Much work over the past two decades supports the concept that schizophrenia involves a disruption in the orchestration of the multiple neural networks that participate in higher cognitive functions. The connectivity between neural networks arising during normal development is potentially disrupted, leading to the recruitment of either inappropriate regions for task execution, or alternatively, alters the processing requirements in expected regions. For example, studies utilizing both glucose metabolism (FDG-PET), SPECT, and H2O15 PET have demonstrated hypofrontality in the dorslolateral prefrontal cortex (DLPFC) on tasks of executive function. Additionally, studies utilizing diffusion tensor imaging (DTI), which measures the coherence of neuronal fiber tracts, have shown a decrease in the coherence of white matter tracts in schizophrenia. This is presumed to be additional evidence for disrupted connectivity in schizophrenia.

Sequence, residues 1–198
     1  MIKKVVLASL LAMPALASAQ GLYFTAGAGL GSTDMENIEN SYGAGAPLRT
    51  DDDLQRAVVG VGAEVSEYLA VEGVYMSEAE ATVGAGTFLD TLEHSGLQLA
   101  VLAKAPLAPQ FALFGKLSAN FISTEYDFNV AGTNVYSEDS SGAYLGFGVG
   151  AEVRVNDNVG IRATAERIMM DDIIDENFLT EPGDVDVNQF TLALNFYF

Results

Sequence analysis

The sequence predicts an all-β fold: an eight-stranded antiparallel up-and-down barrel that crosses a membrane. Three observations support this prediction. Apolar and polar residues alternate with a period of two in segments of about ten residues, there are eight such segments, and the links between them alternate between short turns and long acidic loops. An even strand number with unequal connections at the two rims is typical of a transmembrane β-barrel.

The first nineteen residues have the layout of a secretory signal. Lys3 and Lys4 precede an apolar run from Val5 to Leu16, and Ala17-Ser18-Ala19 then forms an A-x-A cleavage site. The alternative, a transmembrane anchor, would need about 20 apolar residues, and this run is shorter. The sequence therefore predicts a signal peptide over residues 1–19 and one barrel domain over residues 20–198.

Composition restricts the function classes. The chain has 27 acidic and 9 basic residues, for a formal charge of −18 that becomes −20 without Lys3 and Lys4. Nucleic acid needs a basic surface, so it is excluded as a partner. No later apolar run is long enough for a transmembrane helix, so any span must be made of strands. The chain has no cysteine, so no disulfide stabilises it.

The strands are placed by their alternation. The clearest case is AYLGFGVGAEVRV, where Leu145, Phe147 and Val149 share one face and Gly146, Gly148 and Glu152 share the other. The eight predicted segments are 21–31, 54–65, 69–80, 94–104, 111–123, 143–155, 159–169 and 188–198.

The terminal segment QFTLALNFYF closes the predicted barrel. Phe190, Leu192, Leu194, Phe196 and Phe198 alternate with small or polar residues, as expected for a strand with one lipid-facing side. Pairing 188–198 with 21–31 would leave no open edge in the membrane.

, ,
Erasmus MC Rotterdam, National Institute of Mental Health, National Alliance for Research in Schizophrenia and Affective Disorders, Mental Illness and Neurosciece Discovery (MIND), Research Network, Center for Neurobehavioral Development (CNBD) at the University of Minnesota.
N.C. Andreasen , F.C. Verhulst (Frank)
Erasmus University Rotterdam
Erasmus MC: University Medical Center Rotterdam

White, T. (2010, September). The Developmental Neurobiology of Brain Connectivity in Schizophrenia. Retrieved from